Victimology: The Three Ideological Tendencies of Victimology

Victimology is a very interesting field of study, still with many uncharted territories (LeClair, 2007).  It is the scientific study of the physical, emotional, and other harm which victims suffer because of crime.  Victimologists are people who are in essence investigators, researchers, and observers of the victimized persons and their connection to the crime (Karmen, 2007).  As the study of victims constantly tries to broaden so do the ideologies (tendencies) related to Victimology.  Although my ideological preference would be the infusion of the three ideological tendencies – conservative, liberal, and radical – there are pros and cons that must be carefully evaluated first.

The conservative tendency is by far the bulk of what should be expected of each citizen, by my standards anyway.  This ideology focuses mainly on street level crimes (murder, rape, robbery, assault, etc.) and implies that we are all personally responsible for ourselves and we must attempt to prevent, avoid, and recover from criminal acts.  This heavily ties into the individual being responsible for defending themselves, their families, and their livelihood to every extent possible (LeClair, 2007).  The pro of this approach is that the responsibility for one’s actions is their alone. Not surprisingly, this is also the con of conservative tendency.  In the perfect world a person would not place themselves in dangerous situations: like taking midnight walks in a crime ridden neighborhood, or stopping for directions in the middle of gang territory. Although the propensity for victimization in a nicer neighborhood is much less, it is also less likely that someone taking midnight walks in the suburbs, or asking for directions Downtown Beverly Hills, is going to be placing oneself in a risky situation.  This ideology may cover many great points in order to prevent the onset of crime, but it doesn’t focus on people that have a slower learning curve of the worldly issues.  Kids, elderly, mentally ill, and people with disabilities would tremendously be hurt by the conservative ideology.  These groups are more prone to victimization within the conservative circle of thought.

Thus, the liberal ideology should come into play.  However, as the name implies the liberal tendency is just too liberal.  The liberal tendency focuses on street crime and extends its scope to cover white-collar crimes.  According to LeClair (2007)

the victimologist influenced by the liberal tradition also argues that governments should be more supportive of the needs of crime victims and, in that process, they should be providing a safety net system of services, in much the same way as we do for victims of poverty, sickness, and mental illness.”

This argument places the ultimate responsibility on the government and not the individual (LeClair, 2007).  Therefore, it is evident that many people would be almost intentionally careless and not responsible for themselves.  For example, this is evident in the state of Illinois, where the public assistance programs for the poor are being taken advantage off by the “better-off” and “well-to-do”.  This sense of “protection” is nebulous and expensive.  Instituting such an ideology to its fullest extent would not only be costly, but also would prove that it is okay for one to put their responsibilities off on another entity (the government); a debilitating tendency at its helm.  Essentially, the pro of this liberal approach is the help provided to victims who are unable to adhere to the conservative tendency due to their age or disability.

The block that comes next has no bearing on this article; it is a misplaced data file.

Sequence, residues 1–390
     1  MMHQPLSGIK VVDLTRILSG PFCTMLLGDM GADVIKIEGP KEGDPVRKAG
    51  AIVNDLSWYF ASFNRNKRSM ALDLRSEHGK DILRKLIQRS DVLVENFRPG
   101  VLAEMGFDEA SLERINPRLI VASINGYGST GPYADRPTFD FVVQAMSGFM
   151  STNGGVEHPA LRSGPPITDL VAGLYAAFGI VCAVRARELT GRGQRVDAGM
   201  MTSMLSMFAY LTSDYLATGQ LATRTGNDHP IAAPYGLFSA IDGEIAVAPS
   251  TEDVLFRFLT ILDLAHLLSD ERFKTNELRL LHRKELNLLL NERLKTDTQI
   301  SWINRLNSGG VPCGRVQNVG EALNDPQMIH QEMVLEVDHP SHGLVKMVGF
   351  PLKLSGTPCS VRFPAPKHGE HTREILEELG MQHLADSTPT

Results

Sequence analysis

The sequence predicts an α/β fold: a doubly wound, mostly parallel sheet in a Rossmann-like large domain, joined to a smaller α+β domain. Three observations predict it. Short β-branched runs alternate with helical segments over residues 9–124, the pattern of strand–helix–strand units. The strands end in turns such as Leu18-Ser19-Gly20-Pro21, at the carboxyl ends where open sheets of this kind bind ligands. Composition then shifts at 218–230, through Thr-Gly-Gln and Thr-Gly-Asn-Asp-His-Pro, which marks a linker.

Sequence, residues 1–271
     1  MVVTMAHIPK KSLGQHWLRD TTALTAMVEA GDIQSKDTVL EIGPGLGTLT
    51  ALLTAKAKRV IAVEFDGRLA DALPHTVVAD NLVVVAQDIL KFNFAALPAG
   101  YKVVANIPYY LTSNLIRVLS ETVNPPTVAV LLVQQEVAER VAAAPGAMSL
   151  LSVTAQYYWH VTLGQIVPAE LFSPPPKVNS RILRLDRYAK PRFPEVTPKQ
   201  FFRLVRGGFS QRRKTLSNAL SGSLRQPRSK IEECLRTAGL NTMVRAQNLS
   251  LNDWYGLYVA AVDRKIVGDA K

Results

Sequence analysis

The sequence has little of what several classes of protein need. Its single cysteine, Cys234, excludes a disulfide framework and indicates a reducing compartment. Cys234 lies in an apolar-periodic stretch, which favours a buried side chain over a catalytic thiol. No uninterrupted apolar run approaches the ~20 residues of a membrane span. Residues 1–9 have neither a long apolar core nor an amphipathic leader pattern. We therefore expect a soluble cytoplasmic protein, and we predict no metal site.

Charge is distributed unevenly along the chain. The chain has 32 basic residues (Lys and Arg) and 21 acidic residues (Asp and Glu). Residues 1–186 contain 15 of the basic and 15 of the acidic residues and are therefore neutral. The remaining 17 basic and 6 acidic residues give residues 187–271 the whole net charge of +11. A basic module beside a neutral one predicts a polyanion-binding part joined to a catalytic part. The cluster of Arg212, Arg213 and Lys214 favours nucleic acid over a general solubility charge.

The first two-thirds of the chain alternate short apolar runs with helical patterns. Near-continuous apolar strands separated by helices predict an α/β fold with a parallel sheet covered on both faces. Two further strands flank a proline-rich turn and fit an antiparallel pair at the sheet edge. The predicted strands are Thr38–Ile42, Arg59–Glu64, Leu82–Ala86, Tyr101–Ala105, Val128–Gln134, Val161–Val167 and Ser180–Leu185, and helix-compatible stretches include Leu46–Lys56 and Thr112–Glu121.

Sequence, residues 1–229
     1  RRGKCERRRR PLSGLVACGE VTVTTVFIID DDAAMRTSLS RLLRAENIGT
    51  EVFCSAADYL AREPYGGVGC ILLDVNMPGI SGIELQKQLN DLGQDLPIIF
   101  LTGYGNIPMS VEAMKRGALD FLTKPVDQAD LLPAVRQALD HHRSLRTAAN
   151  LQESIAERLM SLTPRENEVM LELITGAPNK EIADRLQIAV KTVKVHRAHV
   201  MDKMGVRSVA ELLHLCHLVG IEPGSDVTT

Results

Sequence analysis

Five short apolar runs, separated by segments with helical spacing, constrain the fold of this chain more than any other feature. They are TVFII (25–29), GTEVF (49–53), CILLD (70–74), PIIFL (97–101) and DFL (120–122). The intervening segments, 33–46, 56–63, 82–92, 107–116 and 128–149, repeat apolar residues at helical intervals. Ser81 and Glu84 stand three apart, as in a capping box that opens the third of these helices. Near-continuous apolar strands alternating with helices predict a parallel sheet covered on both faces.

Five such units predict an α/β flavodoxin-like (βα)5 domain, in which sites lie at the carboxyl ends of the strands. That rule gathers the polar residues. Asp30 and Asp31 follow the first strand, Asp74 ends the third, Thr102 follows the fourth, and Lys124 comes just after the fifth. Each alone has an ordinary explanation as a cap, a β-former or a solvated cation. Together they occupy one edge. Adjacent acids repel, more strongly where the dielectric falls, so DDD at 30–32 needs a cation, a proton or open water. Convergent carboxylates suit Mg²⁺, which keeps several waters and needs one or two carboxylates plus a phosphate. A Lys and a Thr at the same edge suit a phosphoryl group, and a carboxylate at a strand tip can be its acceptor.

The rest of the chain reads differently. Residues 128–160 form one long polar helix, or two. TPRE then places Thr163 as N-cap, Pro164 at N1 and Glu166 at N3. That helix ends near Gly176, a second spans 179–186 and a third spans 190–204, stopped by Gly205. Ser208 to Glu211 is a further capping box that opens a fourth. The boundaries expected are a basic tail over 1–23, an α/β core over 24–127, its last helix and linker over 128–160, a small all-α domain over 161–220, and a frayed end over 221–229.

The radical tendency, which covers both the conservative and liberal tendencies, goes a step further by extending its study to victims of nearly everything, from: worldly pollution and ozone layer problems to religious, racial or ethnic bias, even to equal distribution of wealth within and between countries (LeClair, 2007).  This radical theory may add tremendous insight into the world of Victimology, but due to its broad spectrum it is too frivolous and not widely excepted.  In my opinion, the radical tendency totally seems to displace the notion of self-responsibility, thus further propagating the feeling that one is constantly hurt by: pollution, republicans, government, police, discrimination, and etc.  I can understand that dangerous workplace issues and fraudulent actions may be detrimental, and that many people can be victimized by one person or an organization, but the propagation of such an ideology will not only show the citizenry that accountability is not essential.  This type of ideology seems to promote the mindset that crime is happening at every venue before the real crime happens.

Victimology is a very peculiar filed and very much based on philosophical research and perspectives.  The ideologies discussed have very much to offer, but I feel that the conservative ideology, with a dab of liberal and radical ideologies, would be suited best for keeping victimization in line with responsibility and accountablity in place.


Karmen, A. (2007). Crime victims: An introduction to victimology (6th ed.). Belmont, CA: Wadsworth Publishing.
LeClair, D. (2007). What is victimology. Retrieved September 5, 2007, from Boston University, Vista Online Website:

Article written by Radek Gadek

Radek holds a Master’s degree in Criminal Justice from Boston University. He is currently doing consulting work and runs this blog to provide relevant information on criminal justice degrees, colleges and related careers.

1 comment… add one
  • nikeria

    i think i wanna be a victimologist when i grow up. very interesting !!!!

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